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Re: attempts to reconciliate quote-semantics and "context"-semantics (Was: Re: RDF dataset semantics again)

From: Antoine Zimmermann <antoine.zimmermann@emse.fr>
Date: Thu, 23 Aug 2012 17:32:00 +0200
Message-ID: <50364CF0.3080301@emse.fr>
To: public-rdf-wg@w3.org
Le 23/08/2012 17:02, Ivan Herman a écrit :
>
> On Aug 23, 2012, at 16:20 , Antoine Zimmermann wrote:
>>
>> If it is not applied to the default graph, then what semantics
>> apply to it?
>>
>
> My instinct would say that, by default, Simple Entailment would apply
> to the Default Graph; that would be, I believe, the reflection of
> quoting.

I think this is reasonable.


> [snip]
>
>>
>>
>>> _Personally_, I like where this is going, although I am not sure
>>> it would cover all the use cases we had in the past. For example,
>>> one of the use case that did come up is what we used to call
>>> 'merge semantics', meaning that all inferences and constraints
>>> checks are made on the merge of all the graphs (including the
>>> default graph). This is not covered by this structure but, maybe,
>>> this is not important.
>>
>> Yes, it does not cover the merge/union semantics. But they are
>> simple semantic extensions, for which we can provide (or a future
>> WG) vocabulary to specify.
>>
>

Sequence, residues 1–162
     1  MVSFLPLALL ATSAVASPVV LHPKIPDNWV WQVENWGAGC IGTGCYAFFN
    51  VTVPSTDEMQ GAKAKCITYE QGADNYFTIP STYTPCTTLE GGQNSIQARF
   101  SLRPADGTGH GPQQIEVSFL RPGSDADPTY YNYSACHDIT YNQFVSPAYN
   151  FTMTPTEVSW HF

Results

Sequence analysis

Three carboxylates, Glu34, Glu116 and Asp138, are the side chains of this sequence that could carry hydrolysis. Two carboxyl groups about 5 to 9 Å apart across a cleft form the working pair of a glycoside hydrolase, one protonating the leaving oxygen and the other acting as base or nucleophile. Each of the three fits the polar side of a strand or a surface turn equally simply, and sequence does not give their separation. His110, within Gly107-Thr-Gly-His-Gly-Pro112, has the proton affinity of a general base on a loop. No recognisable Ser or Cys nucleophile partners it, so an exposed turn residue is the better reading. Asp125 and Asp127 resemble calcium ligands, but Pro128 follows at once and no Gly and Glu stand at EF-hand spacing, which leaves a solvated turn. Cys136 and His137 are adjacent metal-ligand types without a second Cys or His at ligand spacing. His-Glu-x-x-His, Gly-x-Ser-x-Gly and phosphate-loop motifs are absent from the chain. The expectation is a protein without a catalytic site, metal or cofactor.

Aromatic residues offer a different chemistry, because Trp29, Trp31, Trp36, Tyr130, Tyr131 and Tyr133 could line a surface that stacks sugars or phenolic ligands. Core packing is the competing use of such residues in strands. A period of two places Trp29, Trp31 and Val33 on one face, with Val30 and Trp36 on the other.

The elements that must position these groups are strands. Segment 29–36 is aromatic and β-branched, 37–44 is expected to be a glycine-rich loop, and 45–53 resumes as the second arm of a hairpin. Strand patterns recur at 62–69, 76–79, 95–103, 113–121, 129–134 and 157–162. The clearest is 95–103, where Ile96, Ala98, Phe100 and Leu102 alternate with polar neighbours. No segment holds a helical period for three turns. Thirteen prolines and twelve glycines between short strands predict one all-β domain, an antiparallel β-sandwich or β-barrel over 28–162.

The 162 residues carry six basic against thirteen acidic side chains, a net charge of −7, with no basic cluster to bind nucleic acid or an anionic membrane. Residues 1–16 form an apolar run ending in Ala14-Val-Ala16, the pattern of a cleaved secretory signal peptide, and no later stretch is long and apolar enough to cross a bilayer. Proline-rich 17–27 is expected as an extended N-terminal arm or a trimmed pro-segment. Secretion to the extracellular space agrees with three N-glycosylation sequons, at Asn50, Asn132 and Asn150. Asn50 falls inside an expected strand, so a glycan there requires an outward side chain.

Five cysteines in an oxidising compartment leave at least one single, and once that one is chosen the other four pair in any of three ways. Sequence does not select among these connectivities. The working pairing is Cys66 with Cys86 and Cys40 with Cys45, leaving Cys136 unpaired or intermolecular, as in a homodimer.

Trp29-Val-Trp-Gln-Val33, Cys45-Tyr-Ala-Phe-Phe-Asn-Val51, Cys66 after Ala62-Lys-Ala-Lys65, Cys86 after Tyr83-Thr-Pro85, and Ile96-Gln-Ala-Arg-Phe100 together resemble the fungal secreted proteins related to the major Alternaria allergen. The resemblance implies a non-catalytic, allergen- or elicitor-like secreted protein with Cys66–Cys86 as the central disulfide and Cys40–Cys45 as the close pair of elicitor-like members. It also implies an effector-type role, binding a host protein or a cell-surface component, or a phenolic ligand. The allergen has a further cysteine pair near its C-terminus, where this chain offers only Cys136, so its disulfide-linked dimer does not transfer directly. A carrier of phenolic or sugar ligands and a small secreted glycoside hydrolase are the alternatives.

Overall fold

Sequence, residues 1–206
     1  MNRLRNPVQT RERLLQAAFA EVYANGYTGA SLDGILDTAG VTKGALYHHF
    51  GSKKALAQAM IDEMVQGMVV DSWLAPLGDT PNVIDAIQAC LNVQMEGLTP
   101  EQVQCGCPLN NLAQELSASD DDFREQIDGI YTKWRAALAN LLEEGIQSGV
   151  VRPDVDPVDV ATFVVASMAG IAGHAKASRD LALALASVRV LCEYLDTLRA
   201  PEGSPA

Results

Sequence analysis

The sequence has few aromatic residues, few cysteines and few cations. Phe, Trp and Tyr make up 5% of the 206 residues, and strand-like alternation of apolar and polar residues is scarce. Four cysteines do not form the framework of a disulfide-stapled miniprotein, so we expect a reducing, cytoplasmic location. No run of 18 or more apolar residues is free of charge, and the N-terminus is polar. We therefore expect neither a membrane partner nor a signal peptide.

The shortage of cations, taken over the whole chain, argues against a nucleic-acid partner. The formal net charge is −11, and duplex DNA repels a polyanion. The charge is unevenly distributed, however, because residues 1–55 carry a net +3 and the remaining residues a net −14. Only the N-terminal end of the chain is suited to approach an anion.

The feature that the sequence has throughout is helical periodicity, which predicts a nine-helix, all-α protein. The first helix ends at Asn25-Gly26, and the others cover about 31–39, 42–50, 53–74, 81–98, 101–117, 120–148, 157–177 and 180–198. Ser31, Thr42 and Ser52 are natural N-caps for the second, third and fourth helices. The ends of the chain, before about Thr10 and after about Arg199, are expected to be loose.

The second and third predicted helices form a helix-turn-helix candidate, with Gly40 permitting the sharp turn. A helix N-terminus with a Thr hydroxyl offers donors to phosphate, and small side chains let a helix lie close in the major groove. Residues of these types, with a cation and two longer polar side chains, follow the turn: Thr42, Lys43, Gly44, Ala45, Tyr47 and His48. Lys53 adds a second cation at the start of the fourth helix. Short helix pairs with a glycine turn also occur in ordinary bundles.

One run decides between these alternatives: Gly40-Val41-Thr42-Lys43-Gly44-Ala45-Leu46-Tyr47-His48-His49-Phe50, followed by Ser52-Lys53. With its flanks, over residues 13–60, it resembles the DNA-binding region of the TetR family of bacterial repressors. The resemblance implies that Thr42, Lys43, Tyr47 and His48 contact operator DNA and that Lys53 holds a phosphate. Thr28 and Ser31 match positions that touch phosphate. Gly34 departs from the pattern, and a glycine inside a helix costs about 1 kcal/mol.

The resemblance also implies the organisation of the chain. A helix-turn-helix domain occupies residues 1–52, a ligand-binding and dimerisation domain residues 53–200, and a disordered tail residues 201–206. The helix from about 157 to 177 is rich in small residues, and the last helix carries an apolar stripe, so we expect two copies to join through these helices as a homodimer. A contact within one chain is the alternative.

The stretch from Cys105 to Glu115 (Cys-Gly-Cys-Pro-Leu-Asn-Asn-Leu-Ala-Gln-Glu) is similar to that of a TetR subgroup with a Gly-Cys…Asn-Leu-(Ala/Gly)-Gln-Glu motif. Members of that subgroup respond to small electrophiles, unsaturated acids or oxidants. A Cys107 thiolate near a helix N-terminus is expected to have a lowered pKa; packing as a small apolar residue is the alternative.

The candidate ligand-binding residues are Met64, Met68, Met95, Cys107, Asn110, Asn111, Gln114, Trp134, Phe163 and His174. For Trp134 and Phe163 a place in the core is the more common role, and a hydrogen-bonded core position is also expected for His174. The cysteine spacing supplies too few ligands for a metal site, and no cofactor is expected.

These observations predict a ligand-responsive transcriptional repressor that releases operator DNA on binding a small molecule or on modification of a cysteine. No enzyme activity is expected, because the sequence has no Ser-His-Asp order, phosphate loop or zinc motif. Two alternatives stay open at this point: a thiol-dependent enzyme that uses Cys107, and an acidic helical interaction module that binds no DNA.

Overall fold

> would that be a semantic extension of the scheme you propose, or
> something totally orthogonal to it? I do not see how it fits in your
> scheme; that one does not speak about the merging of the particular
> graphs...

I agree, and I don't know how we should handle it at the moment.

>>
>>> (I am also a little bit worried about the complexity for users.
>>> We shall see the feedbacks.)
>>
>> The formal semantics will certainly look quite complex, but it can
>> be explained in a rather simple way. In a nutshell, it says that:
>>
>> "All RDF graphs in an RDF dataset don't mean the same thing. To be
>> explicit about what they mean, we provide a vocabulary that specify
>> the semantics of each graph. We call the semantics assigned to
>> a <name,graph>  pair its entailment regime, because it determines
>> what entailments are valid for that pair. For example ..."
>>
>> Then we have to warn the people who would like to read the formal
>> details should be well armed.
>>
>
> :-) Sounds familiar...
>
>>
>>
>> Yes, that was the idea when I wrote it. The idea of having distinct
>> regimes for distinct<name,graph>  pairs only made sense to me when
>> I drafted the new proposal yesterday.
>>
>> This is why I marked the following in the new proposal:
>>
>> "TODO: modify the semantics such that different entailment regimes
>> can be used for different named graphs."
>>
>>
>
> Oops, sorry, I missed that.

>
>
>>> [[[ Moreover, dataset interpretations are defined with respect to
>>> an entailment regime E, as defined in SPARQL 1.1 Entailment